“Accepting Russia's behavior is not an option," said Merkel.

Russian President Vladimir Putin, during a visit to Siberia, urged the EU on Monday to show "common sense" and not to resort to mutually destructive sanctions, in his first reaction to the threat of additional punitive measures over Ukraine.

Continued Russian denials

Russia has repeatedly denied it has any troops in Ukraine. Also, Foreign Minister Sergei Lavrov repeated Moscow's position Monday that it has never offered material support to the rebels. He also dismissed Ukraine's demand the rebels first disarm and called again for an unconditional cease-fire.

Lavrov said that there will be no military intervention and that Russia supports only a peaceful resolution to the crisis. Everything Russia does, he said, is aimed at promoting a political approach.  But unfortunately, he added, Western countries are blind to the situation, and everything Kyiv authorities declare and do receives support in the West.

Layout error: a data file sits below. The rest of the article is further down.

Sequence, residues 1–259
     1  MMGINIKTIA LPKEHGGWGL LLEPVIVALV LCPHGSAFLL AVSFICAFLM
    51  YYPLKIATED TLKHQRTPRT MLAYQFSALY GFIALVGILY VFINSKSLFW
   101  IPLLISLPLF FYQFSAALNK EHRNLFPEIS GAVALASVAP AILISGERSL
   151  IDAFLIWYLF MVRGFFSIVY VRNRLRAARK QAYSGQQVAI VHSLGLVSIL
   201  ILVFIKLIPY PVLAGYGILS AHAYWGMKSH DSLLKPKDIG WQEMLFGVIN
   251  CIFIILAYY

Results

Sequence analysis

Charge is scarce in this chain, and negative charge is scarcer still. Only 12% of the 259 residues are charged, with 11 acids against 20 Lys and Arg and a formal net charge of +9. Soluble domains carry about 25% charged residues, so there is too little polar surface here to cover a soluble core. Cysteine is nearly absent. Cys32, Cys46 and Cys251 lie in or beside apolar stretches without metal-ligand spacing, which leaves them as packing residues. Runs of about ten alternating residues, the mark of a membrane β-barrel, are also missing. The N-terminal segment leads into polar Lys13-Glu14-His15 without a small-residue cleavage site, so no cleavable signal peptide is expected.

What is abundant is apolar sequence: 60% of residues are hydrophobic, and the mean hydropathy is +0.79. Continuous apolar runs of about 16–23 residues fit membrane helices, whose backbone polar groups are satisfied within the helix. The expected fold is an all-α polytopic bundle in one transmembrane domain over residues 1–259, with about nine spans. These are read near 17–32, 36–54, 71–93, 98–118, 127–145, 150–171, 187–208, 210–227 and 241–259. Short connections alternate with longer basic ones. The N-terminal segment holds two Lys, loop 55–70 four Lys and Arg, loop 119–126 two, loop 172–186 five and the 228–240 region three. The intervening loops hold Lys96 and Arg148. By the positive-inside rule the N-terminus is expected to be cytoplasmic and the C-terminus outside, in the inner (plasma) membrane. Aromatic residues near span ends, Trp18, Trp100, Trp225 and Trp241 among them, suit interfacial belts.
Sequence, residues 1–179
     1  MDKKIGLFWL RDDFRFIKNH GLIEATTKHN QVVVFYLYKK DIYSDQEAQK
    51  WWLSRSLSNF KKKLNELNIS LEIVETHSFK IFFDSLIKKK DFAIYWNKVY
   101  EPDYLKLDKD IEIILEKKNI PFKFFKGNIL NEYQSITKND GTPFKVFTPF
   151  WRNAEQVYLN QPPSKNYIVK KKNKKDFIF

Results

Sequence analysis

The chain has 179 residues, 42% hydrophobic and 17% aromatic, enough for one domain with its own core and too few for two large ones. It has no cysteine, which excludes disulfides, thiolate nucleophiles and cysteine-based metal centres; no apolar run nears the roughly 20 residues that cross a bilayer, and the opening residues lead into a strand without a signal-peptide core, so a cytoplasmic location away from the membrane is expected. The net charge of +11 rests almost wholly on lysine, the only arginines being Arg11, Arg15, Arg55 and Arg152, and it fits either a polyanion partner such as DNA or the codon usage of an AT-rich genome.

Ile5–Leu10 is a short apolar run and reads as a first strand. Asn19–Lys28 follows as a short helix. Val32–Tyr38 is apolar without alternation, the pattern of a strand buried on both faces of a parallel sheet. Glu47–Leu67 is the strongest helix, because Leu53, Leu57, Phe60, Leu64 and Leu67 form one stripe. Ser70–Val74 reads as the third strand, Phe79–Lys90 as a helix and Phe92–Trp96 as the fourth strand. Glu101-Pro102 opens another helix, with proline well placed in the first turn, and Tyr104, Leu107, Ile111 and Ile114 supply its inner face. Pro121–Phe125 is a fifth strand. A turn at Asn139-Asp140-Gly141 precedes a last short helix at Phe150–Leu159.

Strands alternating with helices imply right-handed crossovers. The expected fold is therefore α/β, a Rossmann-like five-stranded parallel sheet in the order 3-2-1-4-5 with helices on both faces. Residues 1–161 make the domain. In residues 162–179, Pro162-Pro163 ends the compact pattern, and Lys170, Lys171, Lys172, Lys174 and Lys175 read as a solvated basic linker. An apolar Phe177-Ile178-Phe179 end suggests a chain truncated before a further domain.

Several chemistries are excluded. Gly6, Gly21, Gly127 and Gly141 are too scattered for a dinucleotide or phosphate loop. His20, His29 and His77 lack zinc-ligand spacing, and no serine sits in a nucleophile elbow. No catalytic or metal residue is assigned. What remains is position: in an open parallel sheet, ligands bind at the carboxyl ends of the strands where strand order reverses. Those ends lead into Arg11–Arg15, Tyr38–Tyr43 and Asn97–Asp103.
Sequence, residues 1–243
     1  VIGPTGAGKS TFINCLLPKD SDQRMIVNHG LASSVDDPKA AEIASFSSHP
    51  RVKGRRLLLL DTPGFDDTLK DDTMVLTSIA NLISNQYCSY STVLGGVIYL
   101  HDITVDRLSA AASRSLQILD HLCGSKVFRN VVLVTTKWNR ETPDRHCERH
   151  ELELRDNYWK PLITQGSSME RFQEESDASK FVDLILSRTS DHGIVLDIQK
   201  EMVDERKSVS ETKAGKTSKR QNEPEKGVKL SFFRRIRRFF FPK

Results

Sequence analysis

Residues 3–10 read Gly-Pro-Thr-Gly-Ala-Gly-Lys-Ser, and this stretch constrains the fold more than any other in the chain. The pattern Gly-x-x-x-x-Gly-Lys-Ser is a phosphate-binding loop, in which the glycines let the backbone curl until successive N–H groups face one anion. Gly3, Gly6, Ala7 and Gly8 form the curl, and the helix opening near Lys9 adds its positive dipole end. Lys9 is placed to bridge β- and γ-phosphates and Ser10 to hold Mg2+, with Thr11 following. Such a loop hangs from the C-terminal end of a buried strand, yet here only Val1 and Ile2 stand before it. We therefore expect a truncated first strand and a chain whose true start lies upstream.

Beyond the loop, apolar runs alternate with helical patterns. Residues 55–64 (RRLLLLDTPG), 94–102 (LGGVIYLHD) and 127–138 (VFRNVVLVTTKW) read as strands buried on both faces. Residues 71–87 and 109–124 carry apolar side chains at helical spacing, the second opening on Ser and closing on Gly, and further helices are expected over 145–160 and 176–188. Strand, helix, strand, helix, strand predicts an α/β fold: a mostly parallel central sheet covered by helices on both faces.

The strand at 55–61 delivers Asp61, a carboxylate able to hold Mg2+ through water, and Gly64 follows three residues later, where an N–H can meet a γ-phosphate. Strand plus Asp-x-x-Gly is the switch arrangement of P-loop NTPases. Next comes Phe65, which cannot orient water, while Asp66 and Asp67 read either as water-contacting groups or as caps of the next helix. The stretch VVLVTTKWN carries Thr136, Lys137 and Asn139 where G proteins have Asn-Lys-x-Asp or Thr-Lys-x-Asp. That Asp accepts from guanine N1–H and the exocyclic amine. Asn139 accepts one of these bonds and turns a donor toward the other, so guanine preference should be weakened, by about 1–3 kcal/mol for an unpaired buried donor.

Meanwhile, pro-Russian separatist leader Andrei Purgin says he is ready to discuss a cease-fire and prisoner exchange at peace talks in Minsk.

The first round ended Monday with no major progress. But Purgin, leader of a self-proclaimed Donetsk people's republic and separatists aligned with him say they are willing to remain part of Ukraine if they are granted more autonomy.

There has been no official reaction from Kyiv.

Situation on the ground

Ukrainian security authorities say a column of Russian tanks backed-up separatist rebels in the east as they pushed government forces from Luhansk airport.

Ukraine National Security and Defense Council spokesman Colonel Andriy Lysenko says Ukrainian troops were forced to withdraw after coming under heavy fire.